What Doesn’t Kill You Makes You Blacker chronicles Young’s efforts to survive while battling and making sense of the various neuroses his country has given him.
The celebrated Pulitzer finalist and prize-winning author of Dinner at the Center of the Earth and What We Talk About When We Talk About Anne Frank delivers his best work yet, a streamlined comic masterpiece about a son’s failure to say Kaddish for his father.
Larry is the secular son in a family of Orthodox Brooklyn Jews. When his father dies, it’s his responsibility to recite the Kaddish, the Jewish prayer for the dead, every day for eleven months. To the horror and dismay of his sister, Larry refuses—imperiling the fate of his father’s soul. To appease her, Larry hatches an ingenious if cynical plan, hiring a stranger through a website called kaddish.com to recite the prayer and shepherd his father’s soul safely to rest.
Sharp, irreverent, hilarious, and wholly irresistible, Englander’s tale of a son who makes a diabolical compromise ingeniously captures the tensions between tradition and modernity—a book to be devoured in a single sitting whose pleasures and provocations will be savored long after.
You don't have to be racist to be biased. Unconscious bias can be at work without our realizing it, and even when we genuinely wish to treat all people equally, ingrained stereotypes can infect our visual perception, attention, memory, and behavior. This has an impact on education, employment, housing, and criminal justice. In Biased, with a perspective that is at once scientific, investigative, and informed by personal experience, Jennifer Eberhardt offers us insights into the dilemma and a path forward.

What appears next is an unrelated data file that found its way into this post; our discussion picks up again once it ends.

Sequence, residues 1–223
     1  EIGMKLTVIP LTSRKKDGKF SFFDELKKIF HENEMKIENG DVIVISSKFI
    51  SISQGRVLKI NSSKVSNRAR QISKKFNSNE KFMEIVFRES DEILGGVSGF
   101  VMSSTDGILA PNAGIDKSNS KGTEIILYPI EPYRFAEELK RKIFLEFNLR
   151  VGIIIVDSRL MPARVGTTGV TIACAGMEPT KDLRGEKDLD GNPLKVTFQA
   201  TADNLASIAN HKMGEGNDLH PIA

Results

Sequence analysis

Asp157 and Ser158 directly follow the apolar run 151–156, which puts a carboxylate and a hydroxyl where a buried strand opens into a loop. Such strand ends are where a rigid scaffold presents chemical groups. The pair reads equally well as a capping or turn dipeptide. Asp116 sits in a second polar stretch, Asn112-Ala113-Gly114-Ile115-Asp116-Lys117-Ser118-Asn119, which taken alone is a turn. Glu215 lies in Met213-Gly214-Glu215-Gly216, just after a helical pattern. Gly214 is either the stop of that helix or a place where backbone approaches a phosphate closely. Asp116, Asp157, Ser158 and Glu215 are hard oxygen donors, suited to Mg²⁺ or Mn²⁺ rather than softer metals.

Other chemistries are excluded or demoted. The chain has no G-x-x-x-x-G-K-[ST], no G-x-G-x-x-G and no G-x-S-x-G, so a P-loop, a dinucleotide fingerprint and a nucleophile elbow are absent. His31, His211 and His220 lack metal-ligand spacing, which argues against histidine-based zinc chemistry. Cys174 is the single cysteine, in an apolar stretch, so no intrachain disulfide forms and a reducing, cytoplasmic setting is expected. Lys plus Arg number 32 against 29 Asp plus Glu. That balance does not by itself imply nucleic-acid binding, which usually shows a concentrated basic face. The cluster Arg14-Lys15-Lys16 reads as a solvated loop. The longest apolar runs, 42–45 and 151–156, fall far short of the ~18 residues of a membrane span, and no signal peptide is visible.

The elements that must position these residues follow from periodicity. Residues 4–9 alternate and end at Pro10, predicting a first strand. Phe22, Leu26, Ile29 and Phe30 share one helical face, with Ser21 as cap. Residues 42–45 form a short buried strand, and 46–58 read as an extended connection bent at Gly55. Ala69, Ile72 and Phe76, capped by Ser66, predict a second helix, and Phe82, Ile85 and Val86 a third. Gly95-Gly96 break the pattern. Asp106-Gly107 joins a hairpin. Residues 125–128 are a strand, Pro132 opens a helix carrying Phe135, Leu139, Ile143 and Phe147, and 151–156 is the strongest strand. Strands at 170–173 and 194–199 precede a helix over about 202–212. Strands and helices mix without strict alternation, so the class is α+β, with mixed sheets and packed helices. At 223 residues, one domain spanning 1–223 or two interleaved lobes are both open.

A novel of activism and natural-world power presents interlocking fables about nine remarkable strangers who are summoned in different ways by trees for an ultimate, brutal stand to save the continent's few remaining acres of virgin forest.
From the author of the #1 New York Times bestseller She Persisted comes a beautiful book about the animals who share our planet--and what we can do to help them survive.
Did you know that blue whales are the largest animals in the world? Or that sea otters wash their paws after every meal? The world is filled with millions of animal species, and all of them are unique and special. Many are on the path to extinction.